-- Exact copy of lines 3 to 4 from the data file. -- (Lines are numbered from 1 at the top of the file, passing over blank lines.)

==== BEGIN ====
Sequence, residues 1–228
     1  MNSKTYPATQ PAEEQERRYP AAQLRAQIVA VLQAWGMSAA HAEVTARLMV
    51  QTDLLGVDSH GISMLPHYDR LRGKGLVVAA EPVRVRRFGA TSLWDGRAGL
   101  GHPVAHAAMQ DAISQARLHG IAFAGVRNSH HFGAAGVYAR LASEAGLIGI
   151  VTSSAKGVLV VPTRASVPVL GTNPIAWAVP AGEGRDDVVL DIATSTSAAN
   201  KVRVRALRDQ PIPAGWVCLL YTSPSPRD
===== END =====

    51  QTDLLGVDSH GISMLPHYDR LRGKGLVVAA EPVRVRRFGA TSLWDGRAGL
   101  GHPVAHAAMQ DAISQARLHG IAFAGVRNSH HFGAAGVYAR LASEAGLIGI